Town Talk: Utilities Department’s oversight leads to saving time, money

Town of Prescott Valley logo. (Courtesy)

Town of Prescott Valley logo. (Courtesy)

The Prescott Valley Utilities Department is responsible for planning, managing, operating and maintaining the town’s water utilities (except for drainage and stormwater). These functions include drinking water, wastewater, reclaimed water and aquifer recharge.

This column will focus on the first two, and a later column on Water Resources will cover aquifer recharge and reclaimed water.


Neil Wadsworth is the director for the Prescott Valley Utilities Department.

Town staff is responsible for the planning and oversight of the utility systems, while the daily operations and maintenance tasks are contracted to JACOBS, an international company that works locally with approximately 32 employees who operate the town’s water production wells, water tanks, wastewater treatment plant and sewer lift stations.

JACOBS also fixes water leaks, reads water meters and cleans the sewer system. The JACOBS staff and town personnel work together as a team to provide residents with seamless and efficient customer service.

This year, Prescott Valley is making improvements to its water system, which includes adding more fire hydrants to areas of town where better coverage is needed.

The town has been adding about a dozen new water hydrants each year for the past four years, and this year the focus area is Unit 20 on the east side of town.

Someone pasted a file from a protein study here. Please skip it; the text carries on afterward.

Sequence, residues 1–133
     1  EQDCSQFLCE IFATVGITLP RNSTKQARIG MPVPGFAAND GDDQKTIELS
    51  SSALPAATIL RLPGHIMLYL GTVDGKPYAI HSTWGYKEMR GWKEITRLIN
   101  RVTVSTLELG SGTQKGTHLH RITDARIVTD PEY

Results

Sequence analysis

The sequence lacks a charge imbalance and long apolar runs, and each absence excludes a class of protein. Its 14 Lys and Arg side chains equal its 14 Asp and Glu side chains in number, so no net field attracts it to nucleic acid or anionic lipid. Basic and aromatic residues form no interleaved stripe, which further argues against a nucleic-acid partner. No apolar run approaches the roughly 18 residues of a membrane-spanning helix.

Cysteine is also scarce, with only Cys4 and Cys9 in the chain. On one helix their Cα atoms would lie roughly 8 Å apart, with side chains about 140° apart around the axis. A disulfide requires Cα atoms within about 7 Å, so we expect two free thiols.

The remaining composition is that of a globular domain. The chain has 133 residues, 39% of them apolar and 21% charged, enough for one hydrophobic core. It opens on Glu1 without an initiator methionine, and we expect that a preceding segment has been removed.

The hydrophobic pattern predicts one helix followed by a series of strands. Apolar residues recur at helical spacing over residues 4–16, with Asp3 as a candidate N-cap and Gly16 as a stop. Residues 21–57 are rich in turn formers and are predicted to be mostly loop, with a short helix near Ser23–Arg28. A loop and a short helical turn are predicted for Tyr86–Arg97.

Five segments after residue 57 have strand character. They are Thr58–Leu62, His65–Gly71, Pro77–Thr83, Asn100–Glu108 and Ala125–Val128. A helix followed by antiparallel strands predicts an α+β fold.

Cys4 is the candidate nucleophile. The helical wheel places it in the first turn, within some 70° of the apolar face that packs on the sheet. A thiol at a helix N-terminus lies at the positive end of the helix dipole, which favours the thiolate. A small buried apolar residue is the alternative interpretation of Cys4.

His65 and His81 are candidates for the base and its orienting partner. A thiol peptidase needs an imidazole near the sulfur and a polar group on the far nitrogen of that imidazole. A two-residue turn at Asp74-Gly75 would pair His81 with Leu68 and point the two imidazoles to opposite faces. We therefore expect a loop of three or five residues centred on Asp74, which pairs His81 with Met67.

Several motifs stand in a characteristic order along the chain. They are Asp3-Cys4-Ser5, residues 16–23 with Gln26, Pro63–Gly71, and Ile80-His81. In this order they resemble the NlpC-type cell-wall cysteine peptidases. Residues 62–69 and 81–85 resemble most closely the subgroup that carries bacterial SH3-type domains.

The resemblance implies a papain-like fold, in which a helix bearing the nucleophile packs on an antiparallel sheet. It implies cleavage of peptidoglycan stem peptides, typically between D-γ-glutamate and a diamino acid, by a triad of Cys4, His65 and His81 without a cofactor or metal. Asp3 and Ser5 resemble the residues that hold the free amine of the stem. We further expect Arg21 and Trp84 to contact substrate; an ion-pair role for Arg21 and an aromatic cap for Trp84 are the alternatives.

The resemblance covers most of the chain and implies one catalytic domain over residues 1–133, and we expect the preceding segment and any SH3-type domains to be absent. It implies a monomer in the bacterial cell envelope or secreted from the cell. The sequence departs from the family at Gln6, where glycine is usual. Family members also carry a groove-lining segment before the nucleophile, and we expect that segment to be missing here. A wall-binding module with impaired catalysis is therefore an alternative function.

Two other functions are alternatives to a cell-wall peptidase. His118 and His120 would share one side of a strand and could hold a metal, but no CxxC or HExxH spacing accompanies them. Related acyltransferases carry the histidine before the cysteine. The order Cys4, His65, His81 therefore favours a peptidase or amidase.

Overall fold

The town now has a new water system flushing and cleaning technology that will clean sediment from water mains without wasting water. In the past, this could be accomplished only by flushing water out of fire hydrants and wasting it on the ground. This year, residents will see a truck and crew that will flush and filter the water, then return it back into the system without waste. This system is not yet widely used, and Prescott Valley is the first community in northern Arizona, and third in the state, to use this technology.

Prescott Valley is also continuing to work on planning and treatment options related to the PFAS chemicals that have been detected in some of the town’s wells. The Environmental Protection Agency (EPA) is preparing to finalize the regulatory limits for PFAS (expected in March 2024) and the town is preparing to meet those requirements.

Although not as exciting (to most people), the town is carrying out several large planning projects related to its wastewater treatment plant, including a master planning study, filtration upgrades, and rehabilitation of the influent pumping station.

One area where Prescott Valley has implemented cost-saving technology is in the inspection and cleaning of sewer lines. The town is using SL-RAT, which is a sonar-based inspection system, to determine whether sewer lines need to be cleaned.

This allows the team to inspect a section of sewer line in under five minutes and move to the next section. If it is determined that cleaning is needed, the town’s Vactor sewer truck and crew are deployed to clean the line, which may take 30 to 60 minutes to accomplish. Previously, sewer cleaning was performed on a rotation schedule in which each sewer line was cleaned every two to three years, regardless of need. The town is now able to inspect all sewer lines in the system each year and pinpoint cleaning efforts to needed lines only. This new technology saves time and money and reduces wear and tear on the expensive Vactor truck.

Please contact the Utilities Department if you have any questions or visit our website at

Neil Wadsworth is the director for the Prescott Valley Utilities Department.

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